Massachusetts Pandemic Response Bill
During the last week of September, Spirit of Change began receiving emails from readers panicking about online chatter concerning Massachusetts Senate Bill 2028 — An Act Relative to Pandemic and Disaster Preparation and Response in the Commonwealth. Most of the anxiety focused on provisions in the bill that instantly grant the Commissioner of Public Health enormous power over our personal lives including the possibility of mandatory vaccinations, quarantines, warrantless search and seizure of property, imprisonment and fines to be imposed upon uncooperative citizens in the event the governor declares a health state of emergency.
The bill passed in the Senate in April 2009 and had been sitting in the House Ways and Means Committee since then. By Monday, October 5, rumors swelled that passage of the bill in the House that week was imminent, although frantic citizens in most cases reported being unable to get clarification from their State reps, who seemed uninformed of the bill’s progress.
On Monday, October 5, I contacted my own representative, Rep. Jennifer Callahan (D), who responded by email on Tuesday, October 6, with a prompt and thorough letter. In addition to explaining some of the provisions of the bill and dispelling any truth about the inclusion of mandatory vaccinations, Rep. Callahan wrote: "At the current time, Senate Bill 2028 is before the House Committee on Ways and Means. Since being referred to Ways and Means in late April, no further action has been taken. Please know I will carefully monitor this bill and others like it and will participate in discussion with my colleagues should this bill be brought before the House for a vote."
Quite unexpectedly, the news was released on Thursday, October 8 that the House had discussed, amended and voted to pass the revised bill H4271, An Act Relative to Pandemic and Disaster Preparation and Response in the Commonwealth, replacing Senate bill 2028. According to the Beacon Hill Roll Call, the House did not meet at all on Tues, was in session for 15 minutes on Wednesday and for a little less than 5 hours on Thursday. House members apparently had less than 24 hours to read the revised version, discuss it and vote on it. Unfortunately, the House Ways and Means Committee members who wrote the new version of the bill were all at a public hearing in Gardner Auditorium, so they couldn't take part in the debate and explain why they wrote what they did.
After all is said and done, most sources agree that the new pandemic response law doesn’t include anything not already on the books in Massachusetts, laws that have been in effect since 1918 defining how the state should deal with a public health crisis and what the health commissioner should be empowered to do. While vaccinations are not mandatory under the current or the proposed new laws, citizens who refuse to be vaccinated could be quarantined if the commissioner or local health authority decides his or her refusal poses a public health risk.
Supposedly these measures are spelled out so they can be implemented only in the case of a dire emergency. But who defines "emergency?" In the context of today’s growing uncertainty about the safety and effectiveness of vaccinations and the lack of trust our elected officials have earned from their constituents, citizens are wise to demand that parameters are outlined defining exactly what qualifies as a health emergency and who can declare it to prevent irresponsible decisions being made in a time of fear and panic — or for the express benefit of those who might profit financially from it.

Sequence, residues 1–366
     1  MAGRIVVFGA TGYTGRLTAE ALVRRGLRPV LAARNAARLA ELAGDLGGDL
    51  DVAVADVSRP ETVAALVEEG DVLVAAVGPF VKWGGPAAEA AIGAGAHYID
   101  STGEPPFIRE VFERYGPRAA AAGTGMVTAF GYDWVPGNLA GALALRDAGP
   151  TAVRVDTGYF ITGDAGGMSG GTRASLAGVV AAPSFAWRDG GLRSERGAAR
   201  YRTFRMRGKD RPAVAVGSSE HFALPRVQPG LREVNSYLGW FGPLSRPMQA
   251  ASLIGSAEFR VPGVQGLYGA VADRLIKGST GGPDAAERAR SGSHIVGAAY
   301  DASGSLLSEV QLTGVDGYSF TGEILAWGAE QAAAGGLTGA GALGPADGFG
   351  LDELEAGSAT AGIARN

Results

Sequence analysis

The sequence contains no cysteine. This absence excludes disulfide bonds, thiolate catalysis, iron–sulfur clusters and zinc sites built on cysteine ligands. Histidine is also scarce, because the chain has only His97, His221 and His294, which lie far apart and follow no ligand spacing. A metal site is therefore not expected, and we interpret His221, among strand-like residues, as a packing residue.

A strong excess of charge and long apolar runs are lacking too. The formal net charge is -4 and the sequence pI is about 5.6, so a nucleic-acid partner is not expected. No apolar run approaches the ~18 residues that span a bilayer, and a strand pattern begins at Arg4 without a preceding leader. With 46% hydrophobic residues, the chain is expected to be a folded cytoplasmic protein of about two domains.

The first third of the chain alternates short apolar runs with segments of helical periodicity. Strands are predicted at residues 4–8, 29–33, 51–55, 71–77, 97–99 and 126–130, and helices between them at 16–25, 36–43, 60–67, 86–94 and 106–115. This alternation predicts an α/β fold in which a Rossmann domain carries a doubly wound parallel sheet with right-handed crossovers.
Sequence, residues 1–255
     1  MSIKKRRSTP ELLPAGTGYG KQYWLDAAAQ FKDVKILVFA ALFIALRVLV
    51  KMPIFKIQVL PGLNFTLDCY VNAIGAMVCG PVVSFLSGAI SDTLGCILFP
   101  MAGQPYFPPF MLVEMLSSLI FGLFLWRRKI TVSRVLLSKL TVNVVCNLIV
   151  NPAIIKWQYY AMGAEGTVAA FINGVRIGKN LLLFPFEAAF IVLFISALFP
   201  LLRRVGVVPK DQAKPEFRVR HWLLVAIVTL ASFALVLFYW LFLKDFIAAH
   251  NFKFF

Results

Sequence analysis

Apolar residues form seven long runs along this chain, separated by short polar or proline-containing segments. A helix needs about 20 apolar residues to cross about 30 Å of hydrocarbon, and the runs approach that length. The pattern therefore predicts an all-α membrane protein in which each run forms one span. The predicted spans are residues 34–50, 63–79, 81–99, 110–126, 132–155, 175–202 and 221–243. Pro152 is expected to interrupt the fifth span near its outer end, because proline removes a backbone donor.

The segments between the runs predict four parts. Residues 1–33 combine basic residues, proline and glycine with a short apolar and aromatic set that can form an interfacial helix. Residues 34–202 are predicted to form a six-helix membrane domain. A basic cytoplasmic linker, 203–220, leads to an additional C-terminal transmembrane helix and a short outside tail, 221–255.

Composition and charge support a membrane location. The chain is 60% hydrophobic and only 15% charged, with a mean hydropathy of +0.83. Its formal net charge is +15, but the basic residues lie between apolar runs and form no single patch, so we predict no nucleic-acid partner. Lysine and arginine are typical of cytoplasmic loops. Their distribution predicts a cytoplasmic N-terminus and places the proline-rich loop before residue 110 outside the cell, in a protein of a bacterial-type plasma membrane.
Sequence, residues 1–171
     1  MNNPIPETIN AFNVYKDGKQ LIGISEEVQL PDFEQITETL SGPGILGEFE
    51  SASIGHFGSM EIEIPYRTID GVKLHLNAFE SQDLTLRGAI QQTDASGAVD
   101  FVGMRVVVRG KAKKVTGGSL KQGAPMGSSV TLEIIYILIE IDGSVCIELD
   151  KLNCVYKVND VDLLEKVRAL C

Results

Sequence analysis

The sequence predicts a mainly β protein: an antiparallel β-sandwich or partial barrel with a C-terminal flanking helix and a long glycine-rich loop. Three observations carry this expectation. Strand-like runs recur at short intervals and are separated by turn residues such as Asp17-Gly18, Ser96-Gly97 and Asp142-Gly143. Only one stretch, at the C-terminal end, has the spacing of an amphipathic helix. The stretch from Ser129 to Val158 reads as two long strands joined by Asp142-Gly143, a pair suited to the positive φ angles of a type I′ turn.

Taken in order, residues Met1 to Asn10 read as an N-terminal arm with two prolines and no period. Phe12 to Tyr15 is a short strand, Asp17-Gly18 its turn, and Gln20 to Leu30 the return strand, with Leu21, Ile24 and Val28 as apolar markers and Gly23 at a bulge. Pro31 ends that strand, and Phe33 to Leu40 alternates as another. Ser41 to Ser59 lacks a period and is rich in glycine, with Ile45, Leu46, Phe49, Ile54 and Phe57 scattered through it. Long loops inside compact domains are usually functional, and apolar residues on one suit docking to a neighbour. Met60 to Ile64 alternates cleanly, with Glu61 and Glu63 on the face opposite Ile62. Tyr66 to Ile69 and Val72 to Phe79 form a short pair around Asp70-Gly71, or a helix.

A case in point is the current swine flu "epidemic." Healthcare workers in NY had to sue to prevent the state from forcing them to get swine flu vaccinations because someone decided it was a public health risk for healthcare workers not to be vaccinated. There is much evidence that enduring bouts of the flu head-on actually strengthens the immune system, like weight training strengthens the muscles, and over-vaccinating has just the opposite effect on the body and weakens it.* What kind of protection does this bill provide for Massachusetts residents against such dangerous and misguided abuses of power?
According to reports from Wicked Local Cambridge, the revised House version of the bill removed some of the most controversial provisions of the Senate’s bill such as giving states the right to arrest citizens or search their homes without a warrant and it requires that quarantine and isolation orders take place in the least restrictive settings. It also sets up an appeals process under which a person can challenge these orders in court. However, now that the revised bill has passed the House, it is sent back to the Senate where a committee will try to hammer out an agreement with both branches, and then send it onto the governor for signing into law.
Now is a good time to make a noise, give voice and stir up vibrations to let your legislators know you want them to be active in our legislative process and not just a placeholder in the two party system. This applies to residents of all states and not just Massachusetts. Google your state initials.gov to find out who your legislators are and how to contact them, and then let them know you are listening and engaged. The patriots of American liberty who founded this country rallied, fought and died for this precious freedom of self-determination. — Carol Bedrosian, Editor